The thought of trying to get a child into a popular school is something which will strike a familiar fear into the heart of many parents.
One thing which helps many parents to retain their sanity is the thought that at least if an elder child gets a place, their siblings should be able to follow them.
Bad news, this week there is a suggestion that this will no longer be the case.
The 'smoke and mirrors' which surrounds admissions to schools is governed by the Schools Admission Code, a 37-page document published by the Department of Education.
Where a school has more applicants than places, which child gets a place will be decided by reference to the school's oversubscription criteria. All schools are required to have an oversubscription criteria which must comply with the Admissions Code.
It states that the criteria must be reasonable, clear and objective – words that do not always correspond with a parent's experience on the ground. It also states that priority must be given to children looked after by a local authority. The next highest priority is children with a statement of special educational needs which names a particular school. However, neither of these categories generally fills many spaces.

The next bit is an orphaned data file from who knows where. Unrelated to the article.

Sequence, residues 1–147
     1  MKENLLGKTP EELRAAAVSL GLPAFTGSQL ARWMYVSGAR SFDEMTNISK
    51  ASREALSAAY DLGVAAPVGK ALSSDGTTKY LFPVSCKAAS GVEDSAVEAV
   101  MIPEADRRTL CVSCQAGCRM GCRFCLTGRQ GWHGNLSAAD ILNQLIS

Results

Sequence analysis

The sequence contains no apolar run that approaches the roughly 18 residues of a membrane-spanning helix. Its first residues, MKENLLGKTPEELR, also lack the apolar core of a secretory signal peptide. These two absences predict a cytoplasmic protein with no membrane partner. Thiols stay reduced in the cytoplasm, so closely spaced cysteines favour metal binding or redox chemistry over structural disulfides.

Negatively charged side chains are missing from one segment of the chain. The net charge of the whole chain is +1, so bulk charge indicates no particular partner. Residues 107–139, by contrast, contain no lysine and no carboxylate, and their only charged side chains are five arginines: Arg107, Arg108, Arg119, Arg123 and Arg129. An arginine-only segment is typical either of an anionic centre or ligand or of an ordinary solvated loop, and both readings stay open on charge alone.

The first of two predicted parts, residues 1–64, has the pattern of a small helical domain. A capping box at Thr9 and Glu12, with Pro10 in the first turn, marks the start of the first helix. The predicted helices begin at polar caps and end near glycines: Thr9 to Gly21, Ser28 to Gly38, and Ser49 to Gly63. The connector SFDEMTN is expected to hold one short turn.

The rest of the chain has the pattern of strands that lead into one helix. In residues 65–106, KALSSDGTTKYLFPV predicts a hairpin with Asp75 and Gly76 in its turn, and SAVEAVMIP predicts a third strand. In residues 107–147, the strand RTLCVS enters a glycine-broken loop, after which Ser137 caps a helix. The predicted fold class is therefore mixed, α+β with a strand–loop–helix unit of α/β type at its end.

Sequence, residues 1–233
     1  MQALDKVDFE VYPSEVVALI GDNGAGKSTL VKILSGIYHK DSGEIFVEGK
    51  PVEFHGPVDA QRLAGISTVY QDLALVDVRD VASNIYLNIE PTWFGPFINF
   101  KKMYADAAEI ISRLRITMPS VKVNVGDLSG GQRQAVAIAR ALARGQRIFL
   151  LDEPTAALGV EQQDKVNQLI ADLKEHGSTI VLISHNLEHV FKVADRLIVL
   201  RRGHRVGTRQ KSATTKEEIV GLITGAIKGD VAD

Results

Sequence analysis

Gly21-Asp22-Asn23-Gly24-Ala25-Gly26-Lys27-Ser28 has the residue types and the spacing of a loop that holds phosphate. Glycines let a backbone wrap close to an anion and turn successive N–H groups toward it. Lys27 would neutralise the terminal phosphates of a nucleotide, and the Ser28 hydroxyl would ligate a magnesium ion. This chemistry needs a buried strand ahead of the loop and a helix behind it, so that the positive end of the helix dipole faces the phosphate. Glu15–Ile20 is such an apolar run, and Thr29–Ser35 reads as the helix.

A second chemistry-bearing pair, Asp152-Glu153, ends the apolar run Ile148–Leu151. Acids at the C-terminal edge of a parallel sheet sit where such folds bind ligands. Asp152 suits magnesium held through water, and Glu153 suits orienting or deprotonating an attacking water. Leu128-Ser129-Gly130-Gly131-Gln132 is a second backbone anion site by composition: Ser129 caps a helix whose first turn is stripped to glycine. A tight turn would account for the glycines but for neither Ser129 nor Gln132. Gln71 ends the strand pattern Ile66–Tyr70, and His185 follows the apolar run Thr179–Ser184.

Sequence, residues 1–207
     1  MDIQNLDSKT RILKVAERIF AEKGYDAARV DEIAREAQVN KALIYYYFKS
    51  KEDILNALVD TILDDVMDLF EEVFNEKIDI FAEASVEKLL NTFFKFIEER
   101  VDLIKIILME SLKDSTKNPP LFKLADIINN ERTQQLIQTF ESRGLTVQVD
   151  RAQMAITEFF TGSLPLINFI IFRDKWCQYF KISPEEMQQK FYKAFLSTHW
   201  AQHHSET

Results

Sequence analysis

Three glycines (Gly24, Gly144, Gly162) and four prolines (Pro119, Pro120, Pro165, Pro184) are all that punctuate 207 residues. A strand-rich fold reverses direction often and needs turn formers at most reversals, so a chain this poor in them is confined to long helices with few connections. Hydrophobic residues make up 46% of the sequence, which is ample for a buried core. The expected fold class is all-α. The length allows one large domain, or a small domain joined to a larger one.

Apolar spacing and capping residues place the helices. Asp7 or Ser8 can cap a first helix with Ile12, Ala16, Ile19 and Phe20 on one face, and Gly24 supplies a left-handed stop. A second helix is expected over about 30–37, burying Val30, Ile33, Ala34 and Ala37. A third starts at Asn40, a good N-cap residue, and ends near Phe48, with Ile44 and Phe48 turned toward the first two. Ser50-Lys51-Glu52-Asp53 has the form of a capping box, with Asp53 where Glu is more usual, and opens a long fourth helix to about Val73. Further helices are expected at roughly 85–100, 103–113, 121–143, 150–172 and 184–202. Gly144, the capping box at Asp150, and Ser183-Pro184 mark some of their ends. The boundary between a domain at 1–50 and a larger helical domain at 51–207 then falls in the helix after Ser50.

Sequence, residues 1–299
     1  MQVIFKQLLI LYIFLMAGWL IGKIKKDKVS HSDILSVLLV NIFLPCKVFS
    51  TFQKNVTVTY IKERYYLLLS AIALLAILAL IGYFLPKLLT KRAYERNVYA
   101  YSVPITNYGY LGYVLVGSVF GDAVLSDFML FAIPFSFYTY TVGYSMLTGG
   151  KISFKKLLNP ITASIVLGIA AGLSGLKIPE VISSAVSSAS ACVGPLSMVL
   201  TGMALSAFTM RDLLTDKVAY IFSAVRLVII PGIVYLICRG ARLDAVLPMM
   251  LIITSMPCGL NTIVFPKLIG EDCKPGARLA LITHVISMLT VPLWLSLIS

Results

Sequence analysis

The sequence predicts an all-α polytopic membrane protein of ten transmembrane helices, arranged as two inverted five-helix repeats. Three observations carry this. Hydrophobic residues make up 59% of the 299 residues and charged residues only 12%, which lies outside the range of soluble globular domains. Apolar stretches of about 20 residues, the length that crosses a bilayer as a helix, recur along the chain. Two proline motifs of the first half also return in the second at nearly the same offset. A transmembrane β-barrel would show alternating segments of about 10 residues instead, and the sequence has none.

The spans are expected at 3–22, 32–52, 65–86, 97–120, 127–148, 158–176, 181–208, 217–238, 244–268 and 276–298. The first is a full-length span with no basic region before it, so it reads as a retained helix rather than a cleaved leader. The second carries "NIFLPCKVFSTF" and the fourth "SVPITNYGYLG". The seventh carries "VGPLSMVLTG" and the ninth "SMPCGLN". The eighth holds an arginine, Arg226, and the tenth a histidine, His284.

The next priority will be given to those children who meet criteria set by the school. Most schools set the next highest priority as children with a sibling at the school. Until now, this has seemed reasonable – should parents really need to rush around having to drop children off at different schools?
This week, the Schools Adjudicator (the people who oversee appeals about perceived unfairness in the schools admission process) has said that popular schools should consider axing the system of priority places for siblings because it discriminates against many children in the catchment area. Trigger consternation amongst parents who are threatened with multiple drop offs and pick-ups.
It seems that despite the Admissions Code offering 15 examples of what not to do when setting its oversubscription criteria, it is impossible for schools to avoid confusion and scandal.
So, do schools need to give more thought and offer more detail to each criterion, or is it simply the case that there will never be a system that is seems fair to all?
For more information please contact Charlotte Antoniou, solicitor at Michelmores LLP, at email@example.com Disclaimer: This information has been prepared by Michelmores LLP as a general guide only and does not constitute legal advice on any specific matter and should not be relied upon as such. We recommend that you seek professional advice before taking action. No liability can be accepted by us for any action taken or not taken as a result of this information.